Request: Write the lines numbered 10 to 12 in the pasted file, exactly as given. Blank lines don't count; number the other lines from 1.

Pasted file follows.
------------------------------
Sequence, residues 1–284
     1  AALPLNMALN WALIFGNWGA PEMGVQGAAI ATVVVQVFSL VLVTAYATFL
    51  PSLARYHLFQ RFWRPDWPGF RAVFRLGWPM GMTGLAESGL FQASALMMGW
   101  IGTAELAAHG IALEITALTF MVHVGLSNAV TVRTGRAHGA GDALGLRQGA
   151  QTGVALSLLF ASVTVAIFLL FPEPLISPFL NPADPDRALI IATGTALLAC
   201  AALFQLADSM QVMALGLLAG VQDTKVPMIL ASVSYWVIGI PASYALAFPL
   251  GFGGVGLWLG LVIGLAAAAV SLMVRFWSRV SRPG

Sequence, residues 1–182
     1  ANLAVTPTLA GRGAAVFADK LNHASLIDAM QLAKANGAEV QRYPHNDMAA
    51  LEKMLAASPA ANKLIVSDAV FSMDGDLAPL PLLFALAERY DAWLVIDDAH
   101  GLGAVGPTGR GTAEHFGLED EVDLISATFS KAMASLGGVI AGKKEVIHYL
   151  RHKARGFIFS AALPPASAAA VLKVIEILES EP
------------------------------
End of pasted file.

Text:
    51  LEKMLAASPA ANKLIVSDAV FSMDGDLAPL PLLFALAERY DAWLVIDDAH
   101  GLGAVGPTGR GTAEHFGLED EVDLISATFS KAMASLGGVI AGKKEVIHYL
   151  RHKARGFIFS AALPPASAAA VLKVIEILES EP